The prestigious Leader of Distinction honor is the highest award in the Leadership Academy and is earned by getting scores of 105 or above from teammates and coaches using our 360 Leadership Evaluation. Not only is each athlete honored with their name and picture on the wall, but they are ceremoniously inducted into the hall of fame by a teammate’s speech about their leadership at our annual Leadership Banquet.

UNC Softball has a special wall in their team room where they too honor their Leaders of Distinction. Not only is it a great incentive for their current players, but it is great for recruits and their parents by showing them that they will not only develop as players but as leaders.

How do you honor and promote your team’s and athletic department’s top leaders?

 

4. Roy Williams Grades His Players After Every Game

Carolina men’s basketball coach Roy Williams and his staff consider quality feedback to be essential to their players’ and team’s development. Within hours after the game, the entire staff sits down together to watch the game film. They examine each offensive and defensive possession in great detail. Defensively they record charges taken, deflections, boxouts, close outs, and a whole host of 37 subtle, yet important categories. Offensively they record the quality of screens a player sets, the times when a player loses the ball even when he doesn't turn it over, and tally passes that would have been assists had the player made the shot or was not fouled.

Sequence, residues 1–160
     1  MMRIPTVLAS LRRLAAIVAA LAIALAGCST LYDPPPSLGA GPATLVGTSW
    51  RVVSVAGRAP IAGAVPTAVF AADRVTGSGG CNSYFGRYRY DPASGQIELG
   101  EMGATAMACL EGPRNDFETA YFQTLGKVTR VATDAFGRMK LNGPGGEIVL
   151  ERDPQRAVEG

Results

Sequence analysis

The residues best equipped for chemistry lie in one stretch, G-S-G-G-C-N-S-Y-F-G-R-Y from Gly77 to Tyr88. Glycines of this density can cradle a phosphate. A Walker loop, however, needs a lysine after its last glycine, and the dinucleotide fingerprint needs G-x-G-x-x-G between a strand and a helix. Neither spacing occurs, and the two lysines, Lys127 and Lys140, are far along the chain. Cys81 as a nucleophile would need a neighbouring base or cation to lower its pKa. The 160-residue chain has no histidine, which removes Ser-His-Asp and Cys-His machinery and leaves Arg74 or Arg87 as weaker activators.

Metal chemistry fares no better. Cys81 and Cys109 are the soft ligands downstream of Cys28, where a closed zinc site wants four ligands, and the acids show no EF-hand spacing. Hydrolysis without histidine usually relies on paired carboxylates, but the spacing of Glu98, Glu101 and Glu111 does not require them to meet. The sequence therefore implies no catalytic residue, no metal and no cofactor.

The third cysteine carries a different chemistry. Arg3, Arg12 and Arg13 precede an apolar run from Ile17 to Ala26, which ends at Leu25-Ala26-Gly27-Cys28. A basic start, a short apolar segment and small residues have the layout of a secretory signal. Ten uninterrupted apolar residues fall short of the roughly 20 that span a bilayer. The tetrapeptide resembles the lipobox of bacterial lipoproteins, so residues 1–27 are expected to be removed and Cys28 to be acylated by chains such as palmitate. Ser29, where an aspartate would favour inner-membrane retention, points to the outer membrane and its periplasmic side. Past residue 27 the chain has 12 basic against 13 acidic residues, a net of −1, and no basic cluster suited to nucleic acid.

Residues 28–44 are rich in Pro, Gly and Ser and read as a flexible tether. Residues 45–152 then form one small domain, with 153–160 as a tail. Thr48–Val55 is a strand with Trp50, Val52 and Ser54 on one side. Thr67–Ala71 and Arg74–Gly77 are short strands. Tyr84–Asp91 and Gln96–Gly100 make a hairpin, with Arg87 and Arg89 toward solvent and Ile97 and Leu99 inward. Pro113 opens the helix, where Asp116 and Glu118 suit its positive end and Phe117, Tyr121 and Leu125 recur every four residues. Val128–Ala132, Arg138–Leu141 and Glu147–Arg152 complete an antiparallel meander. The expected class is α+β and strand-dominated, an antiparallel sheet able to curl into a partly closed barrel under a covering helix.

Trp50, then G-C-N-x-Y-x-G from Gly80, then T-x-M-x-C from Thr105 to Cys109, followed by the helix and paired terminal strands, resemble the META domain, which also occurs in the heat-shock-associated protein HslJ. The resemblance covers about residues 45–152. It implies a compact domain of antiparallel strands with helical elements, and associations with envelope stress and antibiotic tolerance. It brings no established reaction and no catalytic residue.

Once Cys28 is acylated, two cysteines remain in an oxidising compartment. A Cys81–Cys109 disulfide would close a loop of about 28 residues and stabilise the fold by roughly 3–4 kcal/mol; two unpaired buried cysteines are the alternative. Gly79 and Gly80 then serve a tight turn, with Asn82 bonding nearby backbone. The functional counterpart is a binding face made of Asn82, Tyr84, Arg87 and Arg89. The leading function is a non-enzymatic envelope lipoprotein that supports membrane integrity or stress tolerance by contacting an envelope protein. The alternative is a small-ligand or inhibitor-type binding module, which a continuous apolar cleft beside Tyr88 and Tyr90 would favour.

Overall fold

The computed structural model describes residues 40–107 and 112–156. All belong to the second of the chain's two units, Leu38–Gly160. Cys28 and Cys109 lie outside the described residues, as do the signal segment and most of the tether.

All of these in-depth stats create a ratio of positive plays to negative plays. This ratio then is also one of the categories that Carolina uses to provide feedback to their players. The players are given the information at the next team meeting following the game. Coach Williams wants the players to have the feedback when the game is still fresh in their minds. He fondly remembers a teacher he had growing up who always had the tests graded for them the next day of class - all in an effort to help the students effectively learn the material. He too feels he owes it to his players to provide them with timely feedback.

Click here to learn more about Coach Williams charting system and Awards Board.

How do you provide your athletes with quick and quality feedback on their performances so they too can effectively learn and improve?

 

For 5 more ideas from the Baddour Carolina Leadership Academy including ideas from UNC's national championship women's lacrosse, field hockey, and men's soccer teams, our Championship Coaches Network members can click here.